Dear Mr. Goodell,

We, the undersigned members of the Black Women’s Roundtable, an intergenerational network of women leaders representing Black women and girls from across the country, are writing to request an emergency meeting with you to share our deep concern and outrage about the plethora of domestic violence cases that has been exposed involving current and past players that are a part of the National Football League (NFL). In addition, we would like to discuss your recent decision to establish an advisory group of women to assist you in developing new policies to eradicate domestic violence within the NFL and other diversity issues within the NFL.

Melanie Campbell, Black Women’s Roundtable
Melanie Campbell, Black Women’s Roundtable

The Black Women’s Roundtable appreciates the fact that the NFL has established an advisory group of women to assist in “development and implementation of the league’s policies, resources and outreach on issues of domestic violence and sexual assault.” However, your lack of inclusion of women of color, especially Black women, who are disproportionately impacted by domestic violence and sexual assault, when over 66 percent of the NFL players are made up of African Americans is unacceptable.

The Black Women’s Roundtable 2014 Report released in March 2014 found that Black women are the most likely group of women in America to experience domestic violence. Further, we are nearly three times as likely to die as a result of domestic violence than white women.

And while we are only 8 percent of the population, we make up 22 percent of the homicides that result from domestic violence and 29 percent of all women who are victimized. In fact, domestic violence is the leading cause of death for Black women between the ages of 15 and 35, yet we are less likely than others to seek help when we are abused.

As a result of the specific circumstances of Black women and the fact that the majority of the players in the NFL are African American, addressing this issue in a culturally competent way requires the inclusion of Black women.

The Black Women’s Roundtable 2014 Report released in March 2014 found that Black women are the most likely group of women in America to experience domestic violence.

The Black Women’s Roundtable has been in constant consultation with other civil rights and domestic violence women of color organizations, including leaders of the Institute on Domestic Violence in the African American Community, National Urban League, National Action Network, National Organization of Sisters of Color Ending Sexual Assault, National African American Clergy Network and others; and we will share with you additional recommendations in the coming days.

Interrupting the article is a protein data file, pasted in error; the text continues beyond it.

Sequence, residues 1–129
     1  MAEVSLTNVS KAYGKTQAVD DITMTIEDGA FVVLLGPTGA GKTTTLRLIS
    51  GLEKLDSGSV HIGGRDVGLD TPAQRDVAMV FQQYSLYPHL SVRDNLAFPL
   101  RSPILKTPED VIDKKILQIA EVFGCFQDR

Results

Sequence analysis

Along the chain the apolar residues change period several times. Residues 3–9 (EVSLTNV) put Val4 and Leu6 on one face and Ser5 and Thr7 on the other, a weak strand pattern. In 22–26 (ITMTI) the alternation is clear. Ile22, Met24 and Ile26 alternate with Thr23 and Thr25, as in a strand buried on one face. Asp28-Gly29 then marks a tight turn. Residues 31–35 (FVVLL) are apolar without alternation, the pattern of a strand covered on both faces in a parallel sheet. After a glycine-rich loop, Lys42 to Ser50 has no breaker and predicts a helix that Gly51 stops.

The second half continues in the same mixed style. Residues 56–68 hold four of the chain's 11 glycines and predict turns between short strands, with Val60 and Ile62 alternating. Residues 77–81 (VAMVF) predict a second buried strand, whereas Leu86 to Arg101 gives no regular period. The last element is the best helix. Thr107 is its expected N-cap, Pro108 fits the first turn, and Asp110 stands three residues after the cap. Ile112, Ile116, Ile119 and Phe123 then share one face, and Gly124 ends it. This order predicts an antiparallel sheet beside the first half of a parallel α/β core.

As a result of the specific circumstances of Black women and the fact that the majority of the players in the NFL are African American, addressing this issue in a culturally competent way requires the inclusion of Black women.

Thank you in advance for your consideration of our urgent request to meet with you and your colleagues at the NFL. We will follow up with your office and look forward to meeting with you at your earliest convenience to share with you our recommendations to ensure that the NFL gets it right moving forward.

Sincerely,

Melanie L. Campbell, President and CEO, National Coalition on Black Civic Participation, and Convener, Black Women’s Roundtable

Clayola Brown, President, A. Philip Randolph Institute

Karma Cottman, Executive Director, DC Coalition Against Domestic Violence

Rev. Marcia Dyson, CEO and Founder, Women’s Global Initiative

Edrea Davis, Co-Founder, Jazzmyne PR

Felicia Davis, Director, Building Green Initiative

Lisa Fager. President and Co-Founder, Industry Ears, Senior Advisor, Black Youth Vote!

Sheilia Hankins, Associate Director, Institute on Domestic Violence in the African American Community (IDVAAC)

Janaye Ingram, Acting National Executive Director, National Action Network

Dr. Avis Jones-DeWeever, Ph.D., President and CEO, Incite Unlimited, LLC

Carol Joyner, National Policy Director, Labor Project for Working Families

Rev. Dr. Judith C. Moore, Executive Director, Sisters Saving Ourselves NOW/Girls Excel on Purpose

Rene Redwood, CEO, Redwood Enterprise

Dr. Elsie L. Scott, Founding Director, Ronald W. Walters Leadership and Public Policy Center, Howard University

Yvonne Scruggs-Leftwich, Ph.D., President and CEO, Center for Community and Economic Justice

Susan L. Taylor, Founder and CEO, National CARES Mentoring Movement and Editor-In-Chief Emeritus, Essence Magazine

Dr. Barbara Williams-Skinner, Co-Chair, National African American Clergy Network, Co-Founder and President, Skinner Leadership Institute

Teresa Younger, President and CEO, Ms. Foundation for Women

Partial listing as of Sept. 16, 2014

Black Women’s Roundtable can be reached at 1050 Connecticut Ave., NW, 10th Floor, Suite 1000, Washington, DC 20036, www.ncbcp.org.

8 COMMENTS

  1. The NFL is not a church, NONPROFIT. We, the fans, have the power to close, TAX-GAP $$$ 9B NOT TAXED. Domestic Violence Victims, by law, pay the NFL via the gap, NNNo vicim should be force to pay their perpetrator.

  2. I COULD NOT HELP BUT NOTICE THAT HE SELECTED ALL WHITE WOMEN FOR HIS PANEL. I ALSO NOTICED HOW THE PRESS CONFERENCE CAME TO AN END WHEN THE QUESTION ABOUT THE MAKE -UP OF THE PANEL CAME UP. WE DON’T NEED AFRICAN AMERICANS IN THE BACKGROUND, WE NEED THEM OUT FRONT.

  3. It is great informational site for governments laws. Essay writers should keep in mind that long essays are not recommended. One should be clear on what you write about right from the point of introduction. One should be keen on writing facts and reliable quotations, keep to the point and avoid repeating yourself .A marker is never interested in the length of the essay other than what it entails. Sometimes the markers get tired of marking long essays.

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